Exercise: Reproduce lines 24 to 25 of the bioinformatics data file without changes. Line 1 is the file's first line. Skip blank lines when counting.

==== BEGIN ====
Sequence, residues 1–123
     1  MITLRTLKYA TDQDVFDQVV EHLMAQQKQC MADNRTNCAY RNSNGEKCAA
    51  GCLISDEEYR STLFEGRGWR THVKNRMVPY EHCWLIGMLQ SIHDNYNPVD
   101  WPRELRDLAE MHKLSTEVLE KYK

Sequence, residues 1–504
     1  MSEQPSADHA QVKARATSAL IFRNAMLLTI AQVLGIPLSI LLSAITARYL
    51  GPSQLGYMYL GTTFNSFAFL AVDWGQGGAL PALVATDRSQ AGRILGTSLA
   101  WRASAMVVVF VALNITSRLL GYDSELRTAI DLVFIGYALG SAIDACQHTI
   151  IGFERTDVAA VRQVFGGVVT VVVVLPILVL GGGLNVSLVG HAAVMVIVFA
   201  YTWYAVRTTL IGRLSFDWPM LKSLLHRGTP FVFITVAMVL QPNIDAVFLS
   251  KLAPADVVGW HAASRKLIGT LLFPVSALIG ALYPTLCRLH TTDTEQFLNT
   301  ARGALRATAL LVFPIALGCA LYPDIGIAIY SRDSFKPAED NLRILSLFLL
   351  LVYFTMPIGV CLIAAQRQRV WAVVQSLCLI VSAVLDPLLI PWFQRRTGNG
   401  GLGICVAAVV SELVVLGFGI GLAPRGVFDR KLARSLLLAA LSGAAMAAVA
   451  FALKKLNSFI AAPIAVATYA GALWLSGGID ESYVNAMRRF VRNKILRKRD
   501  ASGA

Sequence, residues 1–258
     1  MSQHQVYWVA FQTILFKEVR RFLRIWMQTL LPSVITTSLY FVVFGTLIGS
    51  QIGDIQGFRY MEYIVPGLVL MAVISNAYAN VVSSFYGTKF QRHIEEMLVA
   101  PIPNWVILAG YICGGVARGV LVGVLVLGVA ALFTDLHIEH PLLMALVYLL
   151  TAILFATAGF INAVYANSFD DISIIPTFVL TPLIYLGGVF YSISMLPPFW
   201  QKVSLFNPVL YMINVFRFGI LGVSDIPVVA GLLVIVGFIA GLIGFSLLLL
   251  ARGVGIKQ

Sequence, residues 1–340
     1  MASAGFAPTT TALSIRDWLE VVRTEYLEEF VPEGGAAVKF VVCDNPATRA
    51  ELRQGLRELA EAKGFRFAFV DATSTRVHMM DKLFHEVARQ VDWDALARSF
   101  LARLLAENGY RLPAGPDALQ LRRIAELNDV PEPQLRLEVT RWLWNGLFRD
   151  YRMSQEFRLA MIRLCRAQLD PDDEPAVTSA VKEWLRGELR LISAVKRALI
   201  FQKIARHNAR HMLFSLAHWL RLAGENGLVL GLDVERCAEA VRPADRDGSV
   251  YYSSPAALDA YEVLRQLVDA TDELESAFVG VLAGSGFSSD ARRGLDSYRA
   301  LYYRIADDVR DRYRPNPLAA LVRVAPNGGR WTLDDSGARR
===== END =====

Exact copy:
Sequence, residues 1–340
     1  MASAGFAPTT TALSIRDWLE VVRTEYLEEF VPEGGAAVKF VVCDNPATRA